Georgia's Hate Speech Legislation Spurs Censorship Concerns
The amendments, which further empower the communications regulator, have drawn criticism from the Council of Europe.
(Eurasianet) The Georgian government's decision to centrally regulate hate speech, obscenity and fighting words in broadcast media has touched off fears of potential government censorship.
A newly passed amendments to the law on broadcasting gives the state the power to act on occurrences of hate speech, obscene language and incitement of violence in the news media. Previously subject to self-regulation by media companies, these matters now largely fall into the purview of the Georgian National Communications Commission (GNCC).
Media companies can still take their own actions regarding violations of ethical standards, but these actions are now subject to appeal in the GNCC. If the in-house reactions are found unsatisfactory, the Commission can take disciplinary measures against the company, ranging from a warning to a fine to revocation of its broadcasting license.
When it comes to obscene content, the GNCC can now take immediate disciplinary action without waiting for media companies to deal with such cases through internal regulatory mechanisms.
While the amendment was advertised as a measure for maintaining peace and professional standards in the media, there is a strong mistrust among media companies and freedom of expression watchdogs toward the government's intentions.
"Legal regulation of hate speech is fraught with risks in the light of government's intolerance toward free speech, the lack of strongly independent regulatory agency and poor level of trust in the court system," said the Georgian chapter of Transparency International, a global anti-corruption watchdog.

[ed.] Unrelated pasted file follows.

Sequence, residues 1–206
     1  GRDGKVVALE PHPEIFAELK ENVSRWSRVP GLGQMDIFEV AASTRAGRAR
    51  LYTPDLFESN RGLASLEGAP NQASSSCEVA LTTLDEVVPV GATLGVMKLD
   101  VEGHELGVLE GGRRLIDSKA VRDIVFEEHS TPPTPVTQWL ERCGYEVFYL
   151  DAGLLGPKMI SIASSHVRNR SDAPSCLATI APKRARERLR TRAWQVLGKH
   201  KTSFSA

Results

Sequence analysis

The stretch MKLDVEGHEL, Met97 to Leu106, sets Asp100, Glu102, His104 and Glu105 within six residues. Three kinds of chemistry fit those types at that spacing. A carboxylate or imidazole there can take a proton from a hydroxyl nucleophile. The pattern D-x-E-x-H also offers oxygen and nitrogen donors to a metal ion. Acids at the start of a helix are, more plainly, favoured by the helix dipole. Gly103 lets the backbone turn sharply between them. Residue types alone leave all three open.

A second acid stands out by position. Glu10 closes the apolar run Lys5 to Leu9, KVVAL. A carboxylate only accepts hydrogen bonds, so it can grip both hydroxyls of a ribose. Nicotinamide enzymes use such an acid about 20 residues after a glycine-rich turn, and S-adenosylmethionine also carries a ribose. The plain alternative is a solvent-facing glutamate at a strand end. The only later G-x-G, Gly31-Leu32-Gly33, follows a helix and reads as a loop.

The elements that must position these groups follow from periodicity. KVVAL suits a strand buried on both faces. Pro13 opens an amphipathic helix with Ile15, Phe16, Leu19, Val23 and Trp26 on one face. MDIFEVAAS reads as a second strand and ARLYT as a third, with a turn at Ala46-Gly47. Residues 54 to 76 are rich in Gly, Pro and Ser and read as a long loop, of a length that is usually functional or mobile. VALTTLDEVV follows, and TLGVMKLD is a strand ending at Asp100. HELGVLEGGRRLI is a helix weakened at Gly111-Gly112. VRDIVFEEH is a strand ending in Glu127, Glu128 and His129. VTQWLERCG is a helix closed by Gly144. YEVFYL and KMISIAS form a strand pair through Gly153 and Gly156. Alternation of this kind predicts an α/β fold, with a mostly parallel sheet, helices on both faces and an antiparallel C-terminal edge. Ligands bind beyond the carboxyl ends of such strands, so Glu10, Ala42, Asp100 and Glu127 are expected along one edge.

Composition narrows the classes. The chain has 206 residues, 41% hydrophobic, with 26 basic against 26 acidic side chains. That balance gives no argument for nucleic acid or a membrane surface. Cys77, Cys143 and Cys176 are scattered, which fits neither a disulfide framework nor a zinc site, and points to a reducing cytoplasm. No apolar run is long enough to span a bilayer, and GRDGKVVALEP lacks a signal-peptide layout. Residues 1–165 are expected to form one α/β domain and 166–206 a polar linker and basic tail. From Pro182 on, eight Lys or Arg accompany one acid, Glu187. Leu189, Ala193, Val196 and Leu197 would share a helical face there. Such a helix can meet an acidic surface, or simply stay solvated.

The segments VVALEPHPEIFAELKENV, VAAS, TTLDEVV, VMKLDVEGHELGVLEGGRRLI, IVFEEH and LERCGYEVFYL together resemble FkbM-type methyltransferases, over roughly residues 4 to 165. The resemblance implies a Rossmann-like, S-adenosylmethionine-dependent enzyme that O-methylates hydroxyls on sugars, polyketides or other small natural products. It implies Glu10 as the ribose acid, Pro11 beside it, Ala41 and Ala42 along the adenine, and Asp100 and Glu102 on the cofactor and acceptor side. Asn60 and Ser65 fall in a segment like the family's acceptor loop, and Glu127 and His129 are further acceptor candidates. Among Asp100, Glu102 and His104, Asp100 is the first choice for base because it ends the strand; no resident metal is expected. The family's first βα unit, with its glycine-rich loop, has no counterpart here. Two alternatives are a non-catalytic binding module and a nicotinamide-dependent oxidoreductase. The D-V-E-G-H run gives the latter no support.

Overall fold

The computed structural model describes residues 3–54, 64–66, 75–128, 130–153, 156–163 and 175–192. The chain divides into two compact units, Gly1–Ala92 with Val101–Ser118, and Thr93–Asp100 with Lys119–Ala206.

The governing party, Georgian Dream, argued that the change was needed to bring the national law in line with the European Union laws and regulations, and was part of the nation's broader effort to harmonize its legal system with the bloc to pave the way for potential membership in the future. But the Council of Europe found the amended law to be at odds with European norms.
"There are a number of provisions that do not align with EU and Council of Europe standards," the Council of Europe said in its assessment, adding that overall the law does not comply with the EU-wide broadcasting regulation, the Audiovisual and Media Services Directive. Some clauses, the Council said, run counter to the European Convention on Human Rights, a list of rights and freedoms mandatory for the members of the Council of Europe (which include Georgia).
A number of steps need to be taken to align the law with European standards, said the Council of Europe. This includes guaranteeing the independence of the regulatory body, clarifying the definitions of hate speech, and modifying the grounds for suspension of broadcasting licenses.
The change comes amid an all but open war between the ruling Georgian Dream party and the bulk of the broadcast media and civil society. The governing party is boycotting critical TV companies and is accusing key democracy watchdogs of fomenting unrest.
Georgia's media environment ranks as average in one key global freedom and democracy score chart (3.25 out 7). Freedom House said that the media scene remains "diverse and vibrant," but at the same time deeply polarized and attacks on the freedom of the media remain a problem.